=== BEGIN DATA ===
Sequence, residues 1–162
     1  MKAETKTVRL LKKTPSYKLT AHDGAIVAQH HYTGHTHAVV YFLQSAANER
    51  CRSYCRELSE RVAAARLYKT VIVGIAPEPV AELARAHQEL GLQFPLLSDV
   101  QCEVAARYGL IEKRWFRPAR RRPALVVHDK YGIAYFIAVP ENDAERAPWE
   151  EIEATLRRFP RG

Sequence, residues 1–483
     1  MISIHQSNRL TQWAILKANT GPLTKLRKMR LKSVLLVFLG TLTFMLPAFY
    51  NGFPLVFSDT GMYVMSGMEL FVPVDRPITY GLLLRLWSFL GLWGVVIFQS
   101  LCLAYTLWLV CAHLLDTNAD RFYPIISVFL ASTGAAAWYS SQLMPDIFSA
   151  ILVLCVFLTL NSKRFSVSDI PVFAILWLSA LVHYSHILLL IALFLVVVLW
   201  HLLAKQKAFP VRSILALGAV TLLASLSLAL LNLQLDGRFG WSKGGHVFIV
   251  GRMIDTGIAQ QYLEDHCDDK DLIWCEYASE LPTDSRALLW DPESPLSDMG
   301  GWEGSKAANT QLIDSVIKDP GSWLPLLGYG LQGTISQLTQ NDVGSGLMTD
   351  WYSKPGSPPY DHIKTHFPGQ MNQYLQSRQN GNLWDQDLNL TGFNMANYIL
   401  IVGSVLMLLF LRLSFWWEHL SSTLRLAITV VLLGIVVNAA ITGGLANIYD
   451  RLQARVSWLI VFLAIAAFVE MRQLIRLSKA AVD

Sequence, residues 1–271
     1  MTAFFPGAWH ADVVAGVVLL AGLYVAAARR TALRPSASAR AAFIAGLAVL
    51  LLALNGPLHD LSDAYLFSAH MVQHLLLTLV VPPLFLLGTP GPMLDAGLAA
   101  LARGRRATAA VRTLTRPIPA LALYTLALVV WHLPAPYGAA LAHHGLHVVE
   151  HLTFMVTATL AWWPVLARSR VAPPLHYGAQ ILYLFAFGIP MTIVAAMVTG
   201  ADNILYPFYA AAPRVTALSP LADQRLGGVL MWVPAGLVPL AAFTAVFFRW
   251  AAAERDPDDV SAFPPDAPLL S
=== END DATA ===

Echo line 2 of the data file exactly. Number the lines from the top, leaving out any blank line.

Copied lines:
     1  MKAETKTVRL LKKTPSYKLT AHDGAIVAQH HYTGHTHAVV YFLQSAANER